|Despite much effort, the development of methods that directly replace animals is an
extremely slow and difficult process. The most progress has probably been made in safety
testing. Some of the techniques developed are in vitro (ie they do not use living animals at all, although they often use animal serum or blood), some use lower animals or bacteria, some use animal embryos.
Current spurs to the development of replacements for safety testing of chemicals are the new European legislation on chemicals (REACH), which foresees the testing of some 30,000 substances to minimise risk to our health, and from 2009, the European Cosmetics Directive which will mean a complete ban of cosmetics if they are tested on animals. Cosmetics testing on animals is already outlawed in the UK.
If a non-animal replacement test is developed, validated and accepted by all the regulatory authorities, it will be used instead of the animal method. In the UK and many other countries this is a legal requirement. Even in countries where it is not, there are still ethical, economic and scientific obligations not to use animals unnecessarily.
In our outline of in vitro alternative methods, we concentrate on the development of non-animal replacements in safety testing.
Replacement and reduction in safety testing
This is probably the area where most progress has been made in the development of direct replacements for animals, although it is a slow and difficult process. This is partly because a battery of 20 different types of test is required to assess the risk of any new substance. In addition, replacement involves not only development of the methods themselves, but also checking them against the animal methods to make sure they work - a process known as validation.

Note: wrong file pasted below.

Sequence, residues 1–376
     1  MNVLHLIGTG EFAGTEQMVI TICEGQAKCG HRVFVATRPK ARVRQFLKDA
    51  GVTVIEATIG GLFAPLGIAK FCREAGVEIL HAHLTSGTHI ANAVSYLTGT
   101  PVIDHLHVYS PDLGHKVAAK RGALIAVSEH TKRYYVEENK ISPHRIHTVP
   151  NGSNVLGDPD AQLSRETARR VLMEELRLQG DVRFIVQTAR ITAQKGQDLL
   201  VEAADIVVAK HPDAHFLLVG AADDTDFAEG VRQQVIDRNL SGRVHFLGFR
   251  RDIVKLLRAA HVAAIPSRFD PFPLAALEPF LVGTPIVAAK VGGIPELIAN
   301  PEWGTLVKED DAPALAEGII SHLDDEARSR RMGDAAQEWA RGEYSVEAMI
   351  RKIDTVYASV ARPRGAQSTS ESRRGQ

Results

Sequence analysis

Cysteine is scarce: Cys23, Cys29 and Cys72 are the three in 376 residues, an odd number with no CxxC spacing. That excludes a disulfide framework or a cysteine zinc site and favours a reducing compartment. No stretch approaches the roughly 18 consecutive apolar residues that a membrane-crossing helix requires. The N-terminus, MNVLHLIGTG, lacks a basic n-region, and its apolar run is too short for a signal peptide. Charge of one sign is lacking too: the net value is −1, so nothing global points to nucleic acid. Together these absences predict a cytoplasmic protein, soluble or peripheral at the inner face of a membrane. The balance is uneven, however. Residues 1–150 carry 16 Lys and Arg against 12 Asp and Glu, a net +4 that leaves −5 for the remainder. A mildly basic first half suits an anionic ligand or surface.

To be widely used, national and international regulatory authorities must accept a non-
animal replacement technique. These authorities tend to be conservative and it can take
many years to get a new technique written into their guidelines. Even then, some countries
may still insist that the animal tests are carried out if they haven't been written out of the
All this may affect the testing carried out by UK companies regardless of acceptance of
methods by UK regulators. All companies must comply with regulations in the countries
where their product will be manufactured, transported or sold.
Some of the non-animal tests have limitations, so they result in reductions in animal use
rather than being complete replacements. Some tests still use animals, but fewer of them.
Some in vitro methods can act as pre-screens so that fewer compounds go forward to the animal testing stage. Use of cell cultures for example has considerably reduced use of rodents in initial screening of potential new medicines while speeding up the process so that 10 or even 20 times the number of compounds can be screened in the same period.